2001 OPEN FORUM Abstracts
Survey of PatientsRequiring Positive Pressure Ventilation A Descriptive Study
George W. Lantz, B.S.,R.R.T., C.P.F.T., R.C.P. and Bob Robinson, C.R.T., R.C.P. Shriners Hospitals for Children, Chicago
Introduction/Background: Pursuantto a significant increase of patients who required overnight post-operativemechanical ventilation a post-procedural analysis was developed to identifythe type patients who required ventilatory assistance. This was performed inan attempt to discover any precipitating factors leading to the steady increases,and determine the specific patient population and/or subgroup so these patientswho are at greater risk could be identified in advance. This would then assistin forecasting staffing acuity and improving patient care with proactive management.
Methods: A survey was developedto track issues thought to contribute to the need for mechanical ventilation.65 patients were analyzed this year. Patients age, primary diagnosis, secondarydiagnosis, surgical procedure, blood loss, fluid replacement, Surgeon, Anesthesiologist,date of intubation, day of week, time admitted to PICU, date extubated, timeof extubation, Physician who extubated, pulmonary history, post-operative complicationsand reason for ventilation were all recorded.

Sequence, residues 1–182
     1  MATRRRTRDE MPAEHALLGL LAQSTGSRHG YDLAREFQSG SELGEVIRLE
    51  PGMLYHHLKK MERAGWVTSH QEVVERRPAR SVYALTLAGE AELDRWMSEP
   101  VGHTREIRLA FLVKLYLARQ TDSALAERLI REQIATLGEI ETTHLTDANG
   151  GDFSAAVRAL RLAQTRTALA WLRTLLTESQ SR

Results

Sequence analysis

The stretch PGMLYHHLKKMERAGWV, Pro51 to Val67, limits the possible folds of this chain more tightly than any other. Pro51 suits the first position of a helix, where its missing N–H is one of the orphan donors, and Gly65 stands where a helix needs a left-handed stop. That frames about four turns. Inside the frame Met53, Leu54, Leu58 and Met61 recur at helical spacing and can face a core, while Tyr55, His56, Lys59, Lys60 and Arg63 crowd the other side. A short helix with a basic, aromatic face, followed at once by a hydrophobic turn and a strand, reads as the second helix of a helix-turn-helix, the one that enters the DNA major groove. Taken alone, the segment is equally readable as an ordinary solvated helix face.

Results: It was discoveredthat the majority of patients were admitted into our PICU on Mondays. It wasapparent that there was no significance between Anesthesiologists. However,in some instances overnight ventilation was required due to laryngeal swellingsecondary to generous volume replacement perioperatively. Hemodynamics playedan important role in 50% of the cases. Furthermore, there was no correlationbetween age, gender, Surgeon or Attending Physician. The biggest contributingfactor was patients who had diagnoses relating to spinal deformities and henceforthreceived surgeries for correction. 47 of the patients had diagnosis relatingthe spinal deformities and 84% of the surgical procedures related to some typeof spinal intervention. There are several types of procedures, which includeanterior, posterior and combined spinal fusion. There was no major differencebetween these groups.
Conclusion: Analysis of thisprospective study reveals that the largest percentage of our patients studiedwho required overnight ventilation was pursuant to spinal surgery and that ?generous?fluid administration further precipitated this necessity in nearly half of thecases studied. Additionally, most of our ventilator patients were received earlyin the week (Mondays and Tuesdays) and from this discovery a system to provide?on-call? Respiratory Care was established to ?cover? the night shifts on theseparticular days and cases. This has resulted in a more cost-effective methodof providing Respiratory Care, as well as improving the quality, safety anddimension of care and customer satisfaction. Furthermore, closer attention isbeing placed on pre-operative pulmonary screening and patient education as wellas aggressive follow-up on these patients? pulmonary mechanics post-operatively.This has also improved patient outcomes and will hopefully shorten the length of stay.